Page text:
Uber announced yesterday in two separate notices that it’s winding down the majority of its on-prem data centers and moving them to Oracle Cloud and Google Cloud Platform (GCP).
If data center operators have been dragging their feet with cloud migration, they’re clearly not alone. Large enterprises, such as Uber, are also trailing their marketplace peers in making the move. Some have attributed this to an enduring legacy from former CEO Travis Kalanik, who, according to The Register, insisted on an on-prem structure.
Current Uber CEO Dara Khosrowshahi says the cloud migration will be a seven-year journey and Uber will migrate the majority of on-prem workloads to the cloud during that span of time.
What’s interesting here from Uber is the choice of CSPs to host their workloads. GCP and Oracle are below Azure and AWS in market share of the cloud computing sector.
For data center operators, this news runs counter to a recent trend of data center repatriation, driven by price sensitivity. Here’s a case study Data Center Knowledge published on Jan. 18 detailing the 37signals repatriation of workloads from AWS to a hybrid colo/MSP.
37signals made a splashy announcement about leaving the cloud back in October, and it followed up on that post last week with a few more details. Last week’s post by Fernando Alvarez, senior reliability engineer at 37signals, said the firm is working with an MSP as it allows its long-term contracts with AWS to expire. The MSP, Deft, provides white glove colo services in addition to traditional managed services offerings that 37signals believes will lighten its compute costs.
It seems the firm is looking to retain the benefits of the cloud without managing it or paying a premium for it. It’s notable that Deft is an AWS partner for managed services. One wonders, though, once their workloads are fully migrated, whether the cost savings will be enough to justify the expense of the move.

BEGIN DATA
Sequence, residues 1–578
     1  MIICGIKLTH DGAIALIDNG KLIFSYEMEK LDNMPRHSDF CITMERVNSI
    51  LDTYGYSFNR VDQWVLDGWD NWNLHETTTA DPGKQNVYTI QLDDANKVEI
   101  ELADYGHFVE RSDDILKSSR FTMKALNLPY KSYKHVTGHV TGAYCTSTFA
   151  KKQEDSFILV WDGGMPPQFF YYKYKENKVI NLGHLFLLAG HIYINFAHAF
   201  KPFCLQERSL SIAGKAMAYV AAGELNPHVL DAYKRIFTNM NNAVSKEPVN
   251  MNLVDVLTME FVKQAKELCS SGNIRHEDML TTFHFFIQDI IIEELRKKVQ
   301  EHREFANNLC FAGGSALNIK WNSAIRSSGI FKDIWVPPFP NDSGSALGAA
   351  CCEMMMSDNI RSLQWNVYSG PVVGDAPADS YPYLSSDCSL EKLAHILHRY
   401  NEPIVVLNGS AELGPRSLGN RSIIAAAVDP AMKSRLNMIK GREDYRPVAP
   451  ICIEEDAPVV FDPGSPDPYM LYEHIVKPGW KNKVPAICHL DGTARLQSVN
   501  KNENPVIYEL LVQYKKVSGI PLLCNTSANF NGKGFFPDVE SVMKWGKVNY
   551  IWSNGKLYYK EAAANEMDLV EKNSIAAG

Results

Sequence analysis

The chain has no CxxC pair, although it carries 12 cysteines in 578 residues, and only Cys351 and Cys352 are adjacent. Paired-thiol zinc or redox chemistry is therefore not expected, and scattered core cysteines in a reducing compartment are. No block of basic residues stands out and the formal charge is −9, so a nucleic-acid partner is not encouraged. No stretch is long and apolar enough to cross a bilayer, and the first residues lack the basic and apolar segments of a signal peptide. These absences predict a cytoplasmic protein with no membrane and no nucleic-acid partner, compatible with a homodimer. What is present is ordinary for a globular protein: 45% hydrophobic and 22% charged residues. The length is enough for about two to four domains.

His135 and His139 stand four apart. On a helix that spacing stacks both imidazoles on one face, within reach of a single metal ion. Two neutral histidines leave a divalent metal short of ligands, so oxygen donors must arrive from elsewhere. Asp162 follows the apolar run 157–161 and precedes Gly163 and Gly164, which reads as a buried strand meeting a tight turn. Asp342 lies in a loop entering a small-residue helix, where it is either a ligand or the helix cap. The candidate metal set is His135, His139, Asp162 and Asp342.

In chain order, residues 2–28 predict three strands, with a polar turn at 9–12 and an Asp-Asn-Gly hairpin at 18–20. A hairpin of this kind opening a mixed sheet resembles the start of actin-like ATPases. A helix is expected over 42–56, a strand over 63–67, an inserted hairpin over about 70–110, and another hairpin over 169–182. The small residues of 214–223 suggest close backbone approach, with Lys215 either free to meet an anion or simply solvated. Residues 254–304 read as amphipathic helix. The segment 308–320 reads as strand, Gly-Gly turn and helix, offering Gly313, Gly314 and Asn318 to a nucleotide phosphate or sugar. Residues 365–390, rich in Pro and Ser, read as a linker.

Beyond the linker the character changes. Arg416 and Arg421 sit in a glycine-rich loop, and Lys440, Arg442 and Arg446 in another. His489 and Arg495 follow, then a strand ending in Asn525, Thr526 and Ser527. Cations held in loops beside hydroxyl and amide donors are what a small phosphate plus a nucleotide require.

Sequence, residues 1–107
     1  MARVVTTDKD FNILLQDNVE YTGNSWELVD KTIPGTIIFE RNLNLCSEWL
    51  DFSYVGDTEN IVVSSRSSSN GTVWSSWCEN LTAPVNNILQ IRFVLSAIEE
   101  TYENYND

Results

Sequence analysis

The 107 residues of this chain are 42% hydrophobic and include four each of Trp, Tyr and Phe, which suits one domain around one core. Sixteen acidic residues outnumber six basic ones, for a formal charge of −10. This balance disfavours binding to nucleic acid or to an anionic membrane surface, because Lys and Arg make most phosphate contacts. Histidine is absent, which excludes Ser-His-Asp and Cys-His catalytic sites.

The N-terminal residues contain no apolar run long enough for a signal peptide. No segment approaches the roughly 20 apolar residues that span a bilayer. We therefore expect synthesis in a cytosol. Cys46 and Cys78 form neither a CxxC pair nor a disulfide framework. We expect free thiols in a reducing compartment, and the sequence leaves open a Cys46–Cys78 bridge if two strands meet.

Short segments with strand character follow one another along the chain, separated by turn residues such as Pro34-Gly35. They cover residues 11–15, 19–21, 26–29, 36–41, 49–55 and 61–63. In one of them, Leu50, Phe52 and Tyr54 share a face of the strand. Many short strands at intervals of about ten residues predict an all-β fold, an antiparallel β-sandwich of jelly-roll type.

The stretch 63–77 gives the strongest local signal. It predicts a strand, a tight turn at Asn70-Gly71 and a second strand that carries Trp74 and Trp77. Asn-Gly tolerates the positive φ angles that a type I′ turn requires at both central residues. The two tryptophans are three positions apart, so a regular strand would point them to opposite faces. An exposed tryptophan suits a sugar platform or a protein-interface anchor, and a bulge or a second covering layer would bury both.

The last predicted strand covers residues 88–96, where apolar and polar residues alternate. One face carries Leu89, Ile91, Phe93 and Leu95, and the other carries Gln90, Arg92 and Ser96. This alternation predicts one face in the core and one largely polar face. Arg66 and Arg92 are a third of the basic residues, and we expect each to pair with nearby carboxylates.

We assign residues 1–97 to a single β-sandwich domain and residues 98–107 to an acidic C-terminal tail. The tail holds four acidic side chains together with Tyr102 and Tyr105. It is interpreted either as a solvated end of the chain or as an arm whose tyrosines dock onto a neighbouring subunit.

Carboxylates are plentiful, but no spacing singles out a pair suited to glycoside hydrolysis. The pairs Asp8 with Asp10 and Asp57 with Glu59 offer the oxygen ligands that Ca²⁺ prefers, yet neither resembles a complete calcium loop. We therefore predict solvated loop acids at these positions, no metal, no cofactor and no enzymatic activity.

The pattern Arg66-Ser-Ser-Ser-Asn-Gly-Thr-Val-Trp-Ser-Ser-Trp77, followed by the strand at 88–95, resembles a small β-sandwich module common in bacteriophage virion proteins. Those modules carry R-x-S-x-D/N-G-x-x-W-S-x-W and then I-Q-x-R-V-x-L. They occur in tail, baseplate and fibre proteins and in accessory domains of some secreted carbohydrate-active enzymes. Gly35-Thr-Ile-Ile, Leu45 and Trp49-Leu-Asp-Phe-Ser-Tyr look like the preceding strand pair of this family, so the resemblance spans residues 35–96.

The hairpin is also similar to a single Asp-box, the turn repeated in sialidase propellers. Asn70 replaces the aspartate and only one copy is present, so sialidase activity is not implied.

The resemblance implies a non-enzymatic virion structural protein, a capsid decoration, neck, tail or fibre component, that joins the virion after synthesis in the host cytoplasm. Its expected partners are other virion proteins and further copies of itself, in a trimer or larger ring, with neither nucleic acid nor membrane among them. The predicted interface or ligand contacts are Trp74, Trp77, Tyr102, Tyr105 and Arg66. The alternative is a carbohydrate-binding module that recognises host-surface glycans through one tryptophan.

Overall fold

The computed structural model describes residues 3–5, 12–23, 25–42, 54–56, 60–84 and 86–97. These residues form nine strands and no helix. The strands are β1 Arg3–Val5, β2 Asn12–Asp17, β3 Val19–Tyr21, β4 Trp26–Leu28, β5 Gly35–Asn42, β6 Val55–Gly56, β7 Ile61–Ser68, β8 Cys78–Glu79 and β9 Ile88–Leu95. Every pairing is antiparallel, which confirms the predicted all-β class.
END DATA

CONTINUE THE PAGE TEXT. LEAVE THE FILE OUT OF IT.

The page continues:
37signals’ 2022 cloud spend came out to $3,201,564. This is all on AWS services for two of its products, Basecamp, which is a project management platform, and HEY, which is a messaging platform. This includes legacy products as well.
What we often wonder is whether enterprises have done the data center math when considering a repatriation of workloads. 37signals’ move to work with an MSP/AWS partner could be the magic bullet, but the firm has yet to provide pricing around the change. A few line items they’ll incur include:
- White-glove service
That approach could be less expensive with a white-glove MSP since 37signals spends $266,797 per month on cloud services. The firm gives no projections about the increased costs as its long-term AWS contracts expire.
It seems timing plays a big factor in repatriation and migration.
For Uber, it’s seven years of cloud migration. For 37signals, the plan is a three-year repatriation. When making decisions one way or the other, including the time and engineering resources to make the move remains critical to seeing a fuller picture of the impact of a repatriation or migration strategy.